Justin Williams Medical Laser goes over the main differences in the recent remake of a classic horror game.
In 1998, the PlayStation saw the release of a survival-horror gaming classic: Resident Evil 2, published by Capcom. Twenty years later, Justin Williams Medical Laser takes a look at the recently released Resident Evil 2 for Xbox One, PlayStation 4, and PC. While the name, locations, and basic storyline remains the same, the gameplay has received a complete overhaul for modern audiences.
Justin Williams Medical Laser breaks down the biggest changes: the literal game-changer is the camera’s point of view. While the original relied on static camera angles and “tank” style controls for your main character, the 2018 release updates the camera to a behind-the-shoulder view with a modernized control scheme.
Although almost too obvious to warrant mentioning, Justin Williams Medical Laser has to point out the massive increase in graphics quality. While the original was no slouch in the graphics department for its time (pre-rendered, static backgrounds allowed for a high level of detail by the artists), the new version is impressive even when compared to other modern games. The game runs on the RE Engine, a proprietary engine developed by Capcom which was first used for Resident Evil 7 (Another of Justin Williams Medical Laser’s favorites).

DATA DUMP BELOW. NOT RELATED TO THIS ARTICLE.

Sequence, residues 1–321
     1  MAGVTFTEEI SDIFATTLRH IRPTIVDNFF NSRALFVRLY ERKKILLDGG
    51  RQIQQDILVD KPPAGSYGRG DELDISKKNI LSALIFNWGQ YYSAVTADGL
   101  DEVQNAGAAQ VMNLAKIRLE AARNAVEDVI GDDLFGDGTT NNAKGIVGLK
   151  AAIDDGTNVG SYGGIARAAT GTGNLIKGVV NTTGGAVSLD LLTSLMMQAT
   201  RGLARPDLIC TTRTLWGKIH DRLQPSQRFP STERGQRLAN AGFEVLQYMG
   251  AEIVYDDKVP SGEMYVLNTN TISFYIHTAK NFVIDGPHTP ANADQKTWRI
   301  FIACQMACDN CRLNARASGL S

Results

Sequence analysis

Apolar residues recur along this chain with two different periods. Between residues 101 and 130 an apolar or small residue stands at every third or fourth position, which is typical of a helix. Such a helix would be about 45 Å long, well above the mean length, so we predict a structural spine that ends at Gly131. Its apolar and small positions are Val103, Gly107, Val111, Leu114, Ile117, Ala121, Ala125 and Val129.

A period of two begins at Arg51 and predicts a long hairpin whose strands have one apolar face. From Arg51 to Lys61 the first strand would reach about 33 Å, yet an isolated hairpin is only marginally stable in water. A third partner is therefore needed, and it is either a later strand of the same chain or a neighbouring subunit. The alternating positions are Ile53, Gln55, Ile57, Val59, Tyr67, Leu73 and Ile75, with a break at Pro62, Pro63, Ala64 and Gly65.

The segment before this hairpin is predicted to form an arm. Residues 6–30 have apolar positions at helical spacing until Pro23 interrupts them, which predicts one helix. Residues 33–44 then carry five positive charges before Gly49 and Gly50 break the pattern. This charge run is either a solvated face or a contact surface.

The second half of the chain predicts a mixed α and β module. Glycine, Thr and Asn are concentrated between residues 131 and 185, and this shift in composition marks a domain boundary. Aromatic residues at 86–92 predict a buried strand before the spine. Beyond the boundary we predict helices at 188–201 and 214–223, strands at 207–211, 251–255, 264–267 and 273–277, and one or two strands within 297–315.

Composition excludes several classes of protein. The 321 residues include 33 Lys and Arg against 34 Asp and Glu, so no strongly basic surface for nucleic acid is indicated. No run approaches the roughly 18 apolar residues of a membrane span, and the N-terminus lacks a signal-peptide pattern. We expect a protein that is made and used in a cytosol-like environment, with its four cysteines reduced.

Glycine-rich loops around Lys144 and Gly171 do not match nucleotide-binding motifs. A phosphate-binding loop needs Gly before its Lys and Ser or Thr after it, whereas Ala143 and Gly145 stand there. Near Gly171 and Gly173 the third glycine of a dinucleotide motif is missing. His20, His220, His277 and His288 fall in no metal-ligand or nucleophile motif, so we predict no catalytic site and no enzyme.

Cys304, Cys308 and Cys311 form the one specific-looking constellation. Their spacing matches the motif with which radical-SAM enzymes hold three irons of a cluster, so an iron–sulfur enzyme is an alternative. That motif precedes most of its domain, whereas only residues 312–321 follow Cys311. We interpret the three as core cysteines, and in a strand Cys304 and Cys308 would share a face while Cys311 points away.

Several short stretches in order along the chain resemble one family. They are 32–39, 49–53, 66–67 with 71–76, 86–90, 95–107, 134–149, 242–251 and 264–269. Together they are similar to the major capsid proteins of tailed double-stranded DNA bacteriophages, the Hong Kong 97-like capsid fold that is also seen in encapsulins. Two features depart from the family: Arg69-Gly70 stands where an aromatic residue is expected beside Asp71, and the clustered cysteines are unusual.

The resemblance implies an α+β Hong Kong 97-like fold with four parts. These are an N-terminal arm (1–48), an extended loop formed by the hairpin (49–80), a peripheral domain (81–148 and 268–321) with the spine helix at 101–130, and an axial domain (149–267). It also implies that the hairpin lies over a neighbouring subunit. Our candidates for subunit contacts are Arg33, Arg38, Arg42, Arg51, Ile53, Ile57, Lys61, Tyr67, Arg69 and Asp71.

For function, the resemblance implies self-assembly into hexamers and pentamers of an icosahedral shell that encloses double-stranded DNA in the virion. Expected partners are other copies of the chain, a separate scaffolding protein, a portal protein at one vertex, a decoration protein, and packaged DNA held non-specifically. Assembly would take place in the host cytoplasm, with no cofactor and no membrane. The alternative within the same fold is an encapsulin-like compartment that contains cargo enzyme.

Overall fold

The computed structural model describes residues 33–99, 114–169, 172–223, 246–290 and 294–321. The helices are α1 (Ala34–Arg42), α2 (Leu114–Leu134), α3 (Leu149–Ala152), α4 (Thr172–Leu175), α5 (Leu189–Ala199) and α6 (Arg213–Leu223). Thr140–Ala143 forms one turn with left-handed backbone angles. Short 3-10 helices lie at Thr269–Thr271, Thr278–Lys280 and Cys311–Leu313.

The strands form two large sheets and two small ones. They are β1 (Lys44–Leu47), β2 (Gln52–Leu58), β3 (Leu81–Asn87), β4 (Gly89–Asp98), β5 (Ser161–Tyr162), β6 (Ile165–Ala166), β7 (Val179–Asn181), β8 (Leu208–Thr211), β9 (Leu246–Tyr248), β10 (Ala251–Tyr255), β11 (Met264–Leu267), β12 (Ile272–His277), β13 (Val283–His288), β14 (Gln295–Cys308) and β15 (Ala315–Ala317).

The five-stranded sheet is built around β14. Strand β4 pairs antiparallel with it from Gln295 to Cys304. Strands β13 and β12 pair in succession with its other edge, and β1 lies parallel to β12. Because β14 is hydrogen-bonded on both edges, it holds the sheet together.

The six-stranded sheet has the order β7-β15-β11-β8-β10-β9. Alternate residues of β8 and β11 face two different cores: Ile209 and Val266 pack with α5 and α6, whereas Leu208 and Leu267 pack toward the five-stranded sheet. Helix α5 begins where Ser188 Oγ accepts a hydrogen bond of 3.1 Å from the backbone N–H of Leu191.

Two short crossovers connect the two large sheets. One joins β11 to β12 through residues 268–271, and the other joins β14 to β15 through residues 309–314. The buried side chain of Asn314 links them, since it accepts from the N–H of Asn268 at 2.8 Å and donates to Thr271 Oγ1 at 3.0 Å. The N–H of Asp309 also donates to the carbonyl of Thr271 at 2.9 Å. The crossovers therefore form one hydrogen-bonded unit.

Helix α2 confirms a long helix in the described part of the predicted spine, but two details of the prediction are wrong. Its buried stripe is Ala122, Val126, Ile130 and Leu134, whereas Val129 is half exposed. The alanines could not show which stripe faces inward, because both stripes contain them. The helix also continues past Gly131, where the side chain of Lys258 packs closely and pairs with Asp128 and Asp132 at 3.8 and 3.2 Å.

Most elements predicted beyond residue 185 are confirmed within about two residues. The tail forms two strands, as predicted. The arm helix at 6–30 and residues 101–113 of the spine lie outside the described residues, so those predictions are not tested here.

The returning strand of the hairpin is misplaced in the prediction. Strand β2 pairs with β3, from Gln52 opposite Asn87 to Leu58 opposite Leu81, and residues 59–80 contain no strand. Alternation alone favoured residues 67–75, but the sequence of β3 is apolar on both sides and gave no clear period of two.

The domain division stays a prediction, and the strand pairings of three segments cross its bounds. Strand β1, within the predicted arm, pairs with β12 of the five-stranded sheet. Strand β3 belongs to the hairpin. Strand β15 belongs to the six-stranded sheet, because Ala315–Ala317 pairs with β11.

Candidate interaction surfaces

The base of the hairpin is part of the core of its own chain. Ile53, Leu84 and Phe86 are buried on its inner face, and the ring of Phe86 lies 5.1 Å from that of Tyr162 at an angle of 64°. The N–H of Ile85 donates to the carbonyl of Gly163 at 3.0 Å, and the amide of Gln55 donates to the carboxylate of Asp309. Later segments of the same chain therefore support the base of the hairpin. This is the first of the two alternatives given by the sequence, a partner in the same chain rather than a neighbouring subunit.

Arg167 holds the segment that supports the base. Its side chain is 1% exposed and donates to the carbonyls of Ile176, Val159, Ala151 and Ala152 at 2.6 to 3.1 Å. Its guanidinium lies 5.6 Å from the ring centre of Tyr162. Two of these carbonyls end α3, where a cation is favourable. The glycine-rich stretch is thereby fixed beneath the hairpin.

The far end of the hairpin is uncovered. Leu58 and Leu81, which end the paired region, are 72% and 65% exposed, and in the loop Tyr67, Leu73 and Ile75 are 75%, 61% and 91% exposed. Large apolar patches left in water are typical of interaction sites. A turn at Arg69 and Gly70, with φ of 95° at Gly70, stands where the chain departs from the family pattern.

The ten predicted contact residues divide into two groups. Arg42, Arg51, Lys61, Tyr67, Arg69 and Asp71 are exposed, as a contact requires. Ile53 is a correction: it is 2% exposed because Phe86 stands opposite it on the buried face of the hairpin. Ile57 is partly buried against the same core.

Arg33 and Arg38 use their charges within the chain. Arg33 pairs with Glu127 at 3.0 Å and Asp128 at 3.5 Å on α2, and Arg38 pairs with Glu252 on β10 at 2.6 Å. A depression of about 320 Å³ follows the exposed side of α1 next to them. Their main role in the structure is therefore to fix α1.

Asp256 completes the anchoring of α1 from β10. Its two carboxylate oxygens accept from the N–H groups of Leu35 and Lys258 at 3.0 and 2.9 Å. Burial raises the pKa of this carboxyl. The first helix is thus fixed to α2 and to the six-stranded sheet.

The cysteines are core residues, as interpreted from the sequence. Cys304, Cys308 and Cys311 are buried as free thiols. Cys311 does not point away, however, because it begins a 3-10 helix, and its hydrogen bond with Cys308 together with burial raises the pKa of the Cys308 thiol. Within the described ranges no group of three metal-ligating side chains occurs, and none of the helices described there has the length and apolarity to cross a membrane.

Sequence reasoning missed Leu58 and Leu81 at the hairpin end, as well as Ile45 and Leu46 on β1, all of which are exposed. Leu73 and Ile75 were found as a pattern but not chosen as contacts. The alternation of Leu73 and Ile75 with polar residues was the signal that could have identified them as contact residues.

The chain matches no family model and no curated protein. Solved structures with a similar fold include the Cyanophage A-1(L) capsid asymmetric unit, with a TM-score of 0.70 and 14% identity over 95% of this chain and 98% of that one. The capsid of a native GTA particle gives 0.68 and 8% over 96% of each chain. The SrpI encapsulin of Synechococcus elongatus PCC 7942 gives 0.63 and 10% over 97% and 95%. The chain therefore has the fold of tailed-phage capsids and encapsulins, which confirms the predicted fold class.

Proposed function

Fans of the original will also note that large portions of the game have been completely redone. This is more of a re-imagining than a remake, so don’t expect to be speed-running through the game just because you’ve got the original memorized. Justin Williams Medical Laser points out that while all the original areas of the game are represented, the floorplan is mostly different, along with locations of items and the items themselves. Puzzles have also been given an overhaul, so Justin Williams Medical Laser advises not to expect any infamous box-pushing puzzles while dodging zombies this time around.
If there are any negatives about this remake, Justin Williams Medical Laser points out the dumbing down of the original’s “zapping” system. At the beginning of both the original and the remake, you’re able to choose between two characters: Leon S. Kennedy, a rookie cop who’s having a very bad first day on the job, or Claire Redfield, who is in search of her missing brother.
In the original, depending on the actions you take during your first playthrough, there will be significant changes on your second playthrough as the other character. While there is still a “second run” feature in place which changes the location of some items and makes other minor changes, it’s not as in-depth as the initial release’s system.
Despite all the changes, Justin Williams Medical Laser feels that this modern re-imagining of Resident Evil 2 retains the spirit and feel of the original. It’s still very much a survival-horror game: you may have access to multiples guns, but ammo is scarce, and more often than not it’s wiser to run than it is to stand your ground and attempt to fight your way out of a scary situation.
Overall, this is a worthy purchase for any Resident Evil fan, and the perfect game to run through before the Resident Evil 3 remake set for release in April of 2020.